The Bay Area student-led nonprofit Turning Green is hosting its first virtual benefit on Nov. 7 to raise funds for its programs. Featuring local chefs Alice Waters and Tanya Holland and keynote speaker José Andrés, the proceeds from the “harvest dinner at home” will go towards educating and providing resources for environment-centered youth.
Judi Shils founded the nonprofit with and for her daughter about 16 years ago. While organizing an event to raise awareness around cancer rates in Marin County, Shils noticed the number of high school students in the crowd, and decided to redirect her activism toward younger demographics. Turning Green now has two flagship programs: Conscious Kitchen and Conscious Campus. The former has served marginalized families in Marin County, Santa Venetia and Canal with meals and fresh produce throughout the pandemic.
Shils says Conscious Kitchen set out to prove organic food could be delivered to underserved schools in Marin County within a budget. She later expanded the organization’s reach with a yearlong pilot at a Richmond elementary school. And this week, for the first time, her organization is helping a school district directly source food—1,330 pounds of organic produce will go to the the West Contra Costa County Unified School District each week.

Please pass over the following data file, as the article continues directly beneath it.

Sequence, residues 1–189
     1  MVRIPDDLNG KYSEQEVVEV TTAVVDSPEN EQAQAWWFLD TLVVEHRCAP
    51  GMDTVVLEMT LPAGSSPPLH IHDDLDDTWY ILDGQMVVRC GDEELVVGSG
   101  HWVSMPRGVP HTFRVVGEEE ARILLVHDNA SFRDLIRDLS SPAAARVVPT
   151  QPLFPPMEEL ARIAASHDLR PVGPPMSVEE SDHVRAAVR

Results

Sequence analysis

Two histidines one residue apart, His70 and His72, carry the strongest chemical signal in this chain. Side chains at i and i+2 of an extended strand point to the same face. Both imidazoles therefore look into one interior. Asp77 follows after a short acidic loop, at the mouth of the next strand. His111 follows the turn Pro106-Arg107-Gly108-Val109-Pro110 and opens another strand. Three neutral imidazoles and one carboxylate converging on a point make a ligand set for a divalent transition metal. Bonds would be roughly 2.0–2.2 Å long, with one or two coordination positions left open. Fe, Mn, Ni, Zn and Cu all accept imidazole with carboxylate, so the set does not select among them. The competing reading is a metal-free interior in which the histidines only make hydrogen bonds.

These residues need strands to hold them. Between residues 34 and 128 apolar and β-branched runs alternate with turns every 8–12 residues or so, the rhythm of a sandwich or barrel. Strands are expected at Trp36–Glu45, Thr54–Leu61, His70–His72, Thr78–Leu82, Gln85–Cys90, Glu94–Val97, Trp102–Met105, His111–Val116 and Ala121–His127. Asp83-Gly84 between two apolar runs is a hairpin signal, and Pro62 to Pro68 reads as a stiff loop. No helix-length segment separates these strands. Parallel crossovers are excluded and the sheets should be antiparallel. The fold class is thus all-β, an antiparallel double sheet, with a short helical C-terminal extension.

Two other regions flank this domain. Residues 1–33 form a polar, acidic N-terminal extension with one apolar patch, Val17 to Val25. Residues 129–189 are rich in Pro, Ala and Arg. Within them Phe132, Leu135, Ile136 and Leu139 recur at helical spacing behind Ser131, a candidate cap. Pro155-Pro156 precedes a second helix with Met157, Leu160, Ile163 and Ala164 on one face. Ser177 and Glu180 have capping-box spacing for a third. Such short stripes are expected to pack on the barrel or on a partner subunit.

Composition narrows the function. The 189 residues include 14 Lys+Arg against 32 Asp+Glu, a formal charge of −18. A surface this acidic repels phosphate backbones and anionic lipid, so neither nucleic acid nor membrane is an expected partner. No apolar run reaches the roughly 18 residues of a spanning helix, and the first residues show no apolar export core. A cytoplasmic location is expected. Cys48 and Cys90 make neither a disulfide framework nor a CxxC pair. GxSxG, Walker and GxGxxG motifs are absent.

“It’s a huge opportunity to literally shift the supply chain, to expose kids to food that is not riddled with pesticides and that’s healthy for their minds and bodies and also for their families,” Shils says.
On the Conscious Campus side of things, Shils hired 36 interns this summer who worked on a 30-day global initiative called Project Green Challenge, focusing on food, fashion and waste. Participants had 24 hours each day to complete a new challenge for points and prizes. Before the pandemic, Turning Green never had a fall internship, but now that schools are mostly conducting distance learning, there’s been a high demand for programs like this.